The Flaw *****

Watched David Sington‘s, The Flaw, this weekend.

This feature length UK documentary is by far the best account that I’ve seen or read about the 2008 financial crash. I highly recommend it. 5 stars without doubt.

It gives a very accessible account of the distinction between the mechanisms of ‘goods markets’ and ‘asset markets ‘ and plausibly claims that these differences undermine the Efficient Market Hypothesis that underlies the Neoliberal free-market ideology that has dominated economic policy in the Anglo-American world since 1979.

The Efficient Market Hypothesis claims that in a free-market the forces of supply and demand mean that the current price of a product or service is always the right price. If the price rises too high people won’t pay it and so the price drops again and vice versa. This is why free-marketeers resist moral or value judgements in economic affairs because they claim that the logic of supply & demand and the effect of the totality of our individual choices on price establishes beyond doubt what we as a society value. The argument being that this is the ultimate in democratic freedom.

The film doesn’t challenge the Efficient Market Hypothesis in ‘goods markets’ (something which is of course highly contested) but posits the theory that in ‘asset markets’ the laws of supply and demand are reversed so that as prices rise more and more people buy which in turn forces the price up further and further, thus giving rise to the phenomenon of the ‘asset bubble’. But then when the bubble bursts everyone wishes to sell instantly and the price collapses in an extremely short time creating huge losses.

My only problem with this is that…….it seems to be stating the bleeding obvious. I did not meet anyone in the last 30 years who thought house prices could go on rising for ever. Ordinary people, even those who benefited in the short-term from house rises, were baffled as to how or why it was happening. We all knew that incomes were not keeping pace with the cost of housing and that one day it had to end. Except it seems Alan Greenspan who after decades promoting Neoliberal ideology and serving as Chairman of the Federal Reserve of the United States from 1987 to 2006, finally recognised there might be a ‘flaw’ in his world view – but only after the crash of 2008. it seems Greenspan and the rest of the $1 million bonus financial wizards of Wall Street and London were the only fecking idiots who did think house prices could keep rising indefinitely!?

Or maybe it’s more plausible that they all knew the bubble had to burst one day but they didn’t give a monkey’s fart because they knew that by the time it did all come crashing down they would be so rich they could see the storm out and anyway ultimately governments and tax-payers would have to bail the system out.

Either way it’s not great. Either the obscenely rich men & women who determine all of our futures are cynical, greedy, amoral, psychopathic  bastards or fucking idiots. Or of course they could be cynical, greedy, amoral, psychopathic, idiots!

The other important info in the film is the clear evidence that wages for those workers in theUS and UK who don’t work in high-finance, i.e. almost everybody,  have been static in real terms (after accounting for inflation) since 1979. The false perception of increasing consumerist-based prosperity has rested entirely on a bed of debt, financed by the housing bubble. This has resulted in a wholesale 30 year upward redistribution of wealth from the working and middle classes to the super-rich amounting to $1.5 trillion a year!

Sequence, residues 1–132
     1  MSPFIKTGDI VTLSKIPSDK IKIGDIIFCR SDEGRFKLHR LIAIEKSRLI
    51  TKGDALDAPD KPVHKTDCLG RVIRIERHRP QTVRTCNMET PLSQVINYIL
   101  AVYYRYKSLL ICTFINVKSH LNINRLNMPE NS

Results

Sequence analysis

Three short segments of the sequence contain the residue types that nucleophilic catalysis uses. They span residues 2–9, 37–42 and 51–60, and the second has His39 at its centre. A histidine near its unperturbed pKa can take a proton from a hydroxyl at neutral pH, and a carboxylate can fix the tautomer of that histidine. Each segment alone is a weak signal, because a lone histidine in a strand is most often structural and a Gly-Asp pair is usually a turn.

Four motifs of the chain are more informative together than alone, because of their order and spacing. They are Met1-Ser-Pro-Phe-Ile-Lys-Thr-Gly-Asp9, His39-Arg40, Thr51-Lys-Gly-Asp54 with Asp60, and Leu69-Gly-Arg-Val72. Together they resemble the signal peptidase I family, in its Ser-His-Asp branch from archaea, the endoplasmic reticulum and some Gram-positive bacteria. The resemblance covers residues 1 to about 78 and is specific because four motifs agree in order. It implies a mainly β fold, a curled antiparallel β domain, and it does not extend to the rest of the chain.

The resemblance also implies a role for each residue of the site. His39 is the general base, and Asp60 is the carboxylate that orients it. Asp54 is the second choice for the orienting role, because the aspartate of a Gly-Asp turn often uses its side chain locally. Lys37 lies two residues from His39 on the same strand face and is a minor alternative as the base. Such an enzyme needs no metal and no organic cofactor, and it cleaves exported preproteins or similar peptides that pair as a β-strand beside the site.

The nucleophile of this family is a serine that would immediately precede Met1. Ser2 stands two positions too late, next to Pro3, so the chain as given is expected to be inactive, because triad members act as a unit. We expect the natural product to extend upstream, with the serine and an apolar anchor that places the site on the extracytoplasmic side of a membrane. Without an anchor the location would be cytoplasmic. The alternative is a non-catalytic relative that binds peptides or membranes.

As someone asks in the film, how on earth have the super-rich elite got away with it? And yet again we’re back to Joseph Goebbels and his big lie.

Some quotes from the film:

For the last 30 years a dollar put into credit card debt or mortgage debt made you more than a dollar put into a factory.

Louis Hyman, Economic Historian, Harvard

All Wall Street bankers are always greedy, as are all capitalists. That’s the whole basis of our system.

Louis Hyman, Economic Historian, Harvard

What we’ve seen in the last 30 years is a $1.5 trillion every year redistribution of wealth upwards from the 90% to the top 1%

Robert Wade, Professor Of Political Economics, LSE.

What we are doing is transferring money from people who would spend it to people who don’t need it and won’t or even can’t spend it, because they have so much already.

Josef Stiglitz

 We’ve masked lack of income growth by more debt.

Josef Stiglitz

 What we need is to make Capitalism work for us, not work us over.  We need to work out a way to make profits create jobs. If profits only create wealth for a tiny few Capitalism will not work because people will not stand for it……..Capitalism for the last 30 years has decreased the standard of living for everyone except those at the very top.

Louis Hyman, Economic Historian, Harvard


About I Am Not A Number

I Am Not A Number is written by Chris Jury. For 30 years Chris Jury was a TV actor, director and writer best known for playing Eric Catchpole in over 60 episodes of the BBC’s antique classic, Lovejoy, and for directing over 50 episodes of Eastenders. In 2008 he was appointed as the Senior Lecturer in Recorded Media in the School Of Music & Performing Arts at Bath Spa University. He currently presents, Agitpop, a pop & politics radio discussion programme on North Cotswold Community Radio He is currently the Communications Officer for UCU at Bath Spa University and a UCU SW Regional Rep at SWTUC.
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3 Responses to The Flaw *****

  1. I’m in the process of studying this article. I want to glean a solid understanding. Additional comments will eventually follow.

  2. Keegan says:

    “..current price of a product or service is always the right price.”

    EMH does not state this..

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